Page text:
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Classes - An Assistive and Dynamic Stability Assessment Jogger

Background

Group photo

Left to right: Brad Staier, Jessica Sanborn, Adam Curtis

This design group is focused on developing an device that alleviates stability and comfort issues which arise in walking distances, hiking, and jogging. Jogging or hiking is often impeded by relatively moderate degrees of instability. At the same time issues with stability and symmetry are well established in understanding injuries in athletes (Cavanagh et. al. 1977). The issues with stability are important for a wide range of people, including people who may be beginning an exercise regimen for weight loss up to elite runner. The goal of the system is thus not only to assist athletes with a wide range of physical abilities but also to help improve stability and symmetrical loading of joints to help all runners reduce their risk of injury. However, it it important that for all of these constituencies it is critical that the exercise should be enjoyable. Part of the enjoyment stems from equipment that is fun to use and aesthetically pleasing. The engineering principles associated with the project have a lot in common with bicycle design. Extensive use of material science and vehicle steering dynamics will be a part of the project. The application of these principles will be to a three-wheeled apparatus which is geared toward providing stability to a person while running.

The first year of the project resulted in a system which could be used in a race by Dr. Depoy. The new system needs to be smaller, have the ability to fold and should include intuitive active steering. The new system will need to be fabricated in a manner that results in custom bicycle quality build characteristics.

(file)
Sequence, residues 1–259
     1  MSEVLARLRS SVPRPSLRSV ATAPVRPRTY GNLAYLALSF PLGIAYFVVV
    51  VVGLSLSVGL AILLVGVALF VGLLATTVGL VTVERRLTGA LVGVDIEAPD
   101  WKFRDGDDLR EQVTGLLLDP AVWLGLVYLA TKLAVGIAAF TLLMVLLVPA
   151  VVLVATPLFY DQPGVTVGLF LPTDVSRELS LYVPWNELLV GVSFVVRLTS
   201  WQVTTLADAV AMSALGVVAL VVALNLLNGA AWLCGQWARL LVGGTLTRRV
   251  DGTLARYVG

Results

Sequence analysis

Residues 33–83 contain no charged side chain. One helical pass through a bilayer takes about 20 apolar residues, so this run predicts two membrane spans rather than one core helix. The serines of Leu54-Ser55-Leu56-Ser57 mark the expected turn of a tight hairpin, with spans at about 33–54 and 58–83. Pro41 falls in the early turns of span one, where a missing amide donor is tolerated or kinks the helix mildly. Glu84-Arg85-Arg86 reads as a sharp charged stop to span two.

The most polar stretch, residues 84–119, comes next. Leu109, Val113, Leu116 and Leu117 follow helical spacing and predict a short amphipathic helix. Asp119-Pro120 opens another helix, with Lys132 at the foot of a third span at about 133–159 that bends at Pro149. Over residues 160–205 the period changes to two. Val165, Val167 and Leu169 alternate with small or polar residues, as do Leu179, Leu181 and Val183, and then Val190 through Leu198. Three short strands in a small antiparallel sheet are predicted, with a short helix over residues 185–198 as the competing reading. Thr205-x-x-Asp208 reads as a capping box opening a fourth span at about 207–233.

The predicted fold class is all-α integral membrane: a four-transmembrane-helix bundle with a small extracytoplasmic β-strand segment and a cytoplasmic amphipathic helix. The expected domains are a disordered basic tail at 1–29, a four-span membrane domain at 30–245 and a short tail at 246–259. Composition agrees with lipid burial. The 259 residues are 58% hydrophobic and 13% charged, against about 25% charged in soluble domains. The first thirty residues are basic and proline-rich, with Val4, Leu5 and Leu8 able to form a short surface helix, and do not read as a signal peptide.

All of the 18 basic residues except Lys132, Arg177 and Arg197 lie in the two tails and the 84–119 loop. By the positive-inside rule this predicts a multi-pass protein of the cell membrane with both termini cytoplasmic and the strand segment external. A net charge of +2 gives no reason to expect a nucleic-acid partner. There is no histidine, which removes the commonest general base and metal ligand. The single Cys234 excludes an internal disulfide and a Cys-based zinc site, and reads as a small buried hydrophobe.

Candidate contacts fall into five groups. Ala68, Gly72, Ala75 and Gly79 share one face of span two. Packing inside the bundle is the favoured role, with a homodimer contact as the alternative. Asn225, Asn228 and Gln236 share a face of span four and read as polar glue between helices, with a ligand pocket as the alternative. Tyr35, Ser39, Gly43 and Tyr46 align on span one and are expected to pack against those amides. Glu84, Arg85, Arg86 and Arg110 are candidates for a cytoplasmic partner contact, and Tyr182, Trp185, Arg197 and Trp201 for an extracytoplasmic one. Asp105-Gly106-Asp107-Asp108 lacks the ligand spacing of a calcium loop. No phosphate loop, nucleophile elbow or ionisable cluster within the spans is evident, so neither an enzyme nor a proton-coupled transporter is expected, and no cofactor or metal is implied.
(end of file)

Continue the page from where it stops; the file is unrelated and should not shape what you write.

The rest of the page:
Cavanagh, P. R., M. L. Pollock, and Landa, J.(1977). “A Biomechanical Comparison of Elite and Good Distance Runners” Annals of the New York Academy of Sciences 301(1): 328-345.

Jogger

Jogger

Deliverables

  1. Basic design criteria for a system able to assist at least two key consistencies
  2. Literature search of alternatives and relevant data
  3. Prototype system
  4. Demonstration of system in use

Draft Milestones

  • Project Team Selection Complete: September 1, 2011
  • First Revised Milestones Submitted: September 8, 2011
  • Design Notebook Initial sign-off: September 13, 2011
  • First performance data on existing design: September 22, 2011
  • Initial model outline for the system: September 25, 2011
  • System Schematic: October 2nd, 2011
  • First web page goes live with introductory page and menu on left. Page must include resumes, individual photos and milestones: October 4, 2011, 4 pm.
  • Milestone review: October 25, 2011
  • Draft Midterm Report: November 30th , 2011
  • Midterm Report due as a PDF posted as a completed web page: December 8th, 5 pm
  • Tests System Complete: March 10 – 15, 2012
  • Lab Cleanup & Infrastructure Project Completed: Maine Day, April 25, 2012
  • Open House — Review of Projects, April 26, 2012, Afternoon
  • Final Web Page submitted, for review during final exam period: Monday May 3rd, 2012 Noon

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